I remember the first time I was invited to a faculty party. It was an odd experience. After four years of college on some level I still saw my professors as teachers. The near parental authority I had assigned to them they had no interest in though. They were looking at a class of undergraduates, most of whom went on to further study and seeing future peers, perhaps even rivals. It was a distinction that was entirely lost on me. I got my degree and then emigrated to Scotland looking for work. It was only in later years when I met some of those same professors at social functions that I realized the formal relationship I had imagined was just that – entirely imaginary.

Uncas Metcalf is the opposite of what I have described as a professor. An overly formal man who corrects everyone’s grammar before he can stop himself, even complete strangers, or mild acquaintances. Even his own children he views as curiously intransigent students, who have not taken his lessons to heart.

Of his three children he has a particularly troubled relationship with his daughter Fauna, who has moved back to the neighbourhood with her husband and family looking for work in the small college town of Sparta. Uncas has difficulty understanding what to him seem like wild mood swings and an unusual sense of humour. His wife Margaret and he enjoy quiet, inoffensive banter, conducting themselves through catchphrases and Jimmy Durante quotes that have grown old with them.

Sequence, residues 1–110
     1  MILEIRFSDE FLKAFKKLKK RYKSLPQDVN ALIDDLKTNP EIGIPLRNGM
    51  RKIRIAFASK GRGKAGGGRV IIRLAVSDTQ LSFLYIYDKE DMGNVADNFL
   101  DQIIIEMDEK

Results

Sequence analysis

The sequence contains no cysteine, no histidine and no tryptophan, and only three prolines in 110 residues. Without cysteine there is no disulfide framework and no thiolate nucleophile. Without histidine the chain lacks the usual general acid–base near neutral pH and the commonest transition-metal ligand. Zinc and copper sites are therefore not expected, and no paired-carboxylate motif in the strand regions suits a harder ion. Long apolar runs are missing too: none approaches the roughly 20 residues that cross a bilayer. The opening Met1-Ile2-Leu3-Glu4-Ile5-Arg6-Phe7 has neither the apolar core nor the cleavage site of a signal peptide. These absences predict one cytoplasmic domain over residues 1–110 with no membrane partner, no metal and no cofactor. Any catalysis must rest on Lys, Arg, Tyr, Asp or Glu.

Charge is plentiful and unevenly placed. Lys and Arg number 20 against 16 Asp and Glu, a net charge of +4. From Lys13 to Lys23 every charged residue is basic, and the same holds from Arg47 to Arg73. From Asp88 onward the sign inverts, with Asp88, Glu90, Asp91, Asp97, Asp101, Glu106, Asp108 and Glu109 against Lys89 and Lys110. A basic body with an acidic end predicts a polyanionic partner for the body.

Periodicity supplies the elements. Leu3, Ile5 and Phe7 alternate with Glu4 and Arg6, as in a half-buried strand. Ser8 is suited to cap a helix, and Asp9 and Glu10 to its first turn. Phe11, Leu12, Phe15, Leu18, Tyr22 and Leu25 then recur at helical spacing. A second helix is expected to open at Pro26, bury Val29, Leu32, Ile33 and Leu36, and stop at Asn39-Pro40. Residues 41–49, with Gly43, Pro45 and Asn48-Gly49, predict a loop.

Then one day Uncas discovers his bicycle has been stolen. Putting it down to a local prank he tries to put the incident out of his mind, certain it will eventually reappear. Bewildered by the experience he wanders into a bagel shop and meets the daughter of a friend, Hanna. In his confusion he decides to buy a bag of bagels from his grandchildren. Then he receives a call that Margaret had an accident at a book sale and injured her leg.

The Metcalf family has to reorganise itself to provide proper care and attention to Margaret during her convalescence. She, however, insists that things should proceed as normal, even planning the annual family Christmas party. Uncas on a whim employs Hanna and her close friend Alex, whom he out of propriety insists on calling Alexandra, to care for his wife during the day. In Alex he finds a kindred soul of sorts. Both of them seem to regret a life not lived to the full, disappointed in romance and lacking confidence.

Then Uncas’s bicycle reappears in a children’s playground. Alex accompanies him to collect it, only to discover a threatening note attached. Someone from his past stole his bike to get his attention. Uncas becomes increasingly alarmed as he realizes he is being followed. His pursuer knows him very well. Uncas unfortunately knows no one having long ago retreated from the society of humans into his study of botany. His relationships with his family and colleagues are based on habit, ritual. Alex is the first person to actually cause him to speak his mind. He fears it is already too late after a lifetime of saying nothing.

The playfulness of Uncas and Margaret hides an emptiness in their marriage that unbeknownst to him, his children are aware of. Why else would Fauna place a more sinister spin on her mother’s nickname for him – “Lord Reticent Taciturn”. What is admirable about Osborne’s book is its quiet assurance, the slow building of tension within small town Sparta, the intrigues and jealousies of college society that appear so dry later in life.

The comical moral rectitude of Uncas, that spans from how one conducts their personal life to correct grammar disguises a life not lived, an embittered perspective on life masked with a genteel smile. Set in the 80s, Uncas for example has a really hard time with the slang word ‘sucked’.

Sad, bittersweet and tender, a very nice surprise. It was not what I was expecting.